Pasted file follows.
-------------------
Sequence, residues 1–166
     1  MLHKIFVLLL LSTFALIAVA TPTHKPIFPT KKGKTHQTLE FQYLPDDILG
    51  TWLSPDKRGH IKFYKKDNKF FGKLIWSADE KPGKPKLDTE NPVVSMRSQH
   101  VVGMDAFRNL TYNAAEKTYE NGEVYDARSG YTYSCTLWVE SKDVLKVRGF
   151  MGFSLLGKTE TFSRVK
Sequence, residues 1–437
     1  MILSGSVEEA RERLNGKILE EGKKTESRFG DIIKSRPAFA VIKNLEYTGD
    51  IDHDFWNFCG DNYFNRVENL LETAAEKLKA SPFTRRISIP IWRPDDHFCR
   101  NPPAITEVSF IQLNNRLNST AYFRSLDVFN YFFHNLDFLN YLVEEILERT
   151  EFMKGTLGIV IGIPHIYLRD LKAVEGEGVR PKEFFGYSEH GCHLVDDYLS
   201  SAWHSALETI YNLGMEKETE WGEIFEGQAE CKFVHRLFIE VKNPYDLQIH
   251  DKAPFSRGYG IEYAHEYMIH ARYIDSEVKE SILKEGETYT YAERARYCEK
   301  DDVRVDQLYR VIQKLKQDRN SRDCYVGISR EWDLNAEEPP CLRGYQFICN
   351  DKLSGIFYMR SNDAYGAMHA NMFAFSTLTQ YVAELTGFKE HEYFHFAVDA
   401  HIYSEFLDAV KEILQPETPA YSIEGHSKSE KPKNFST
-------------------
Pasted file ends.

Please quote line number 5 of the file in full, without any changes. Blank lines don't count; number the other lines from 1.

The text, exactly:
   151  MGFSLLGKTE TFSRVK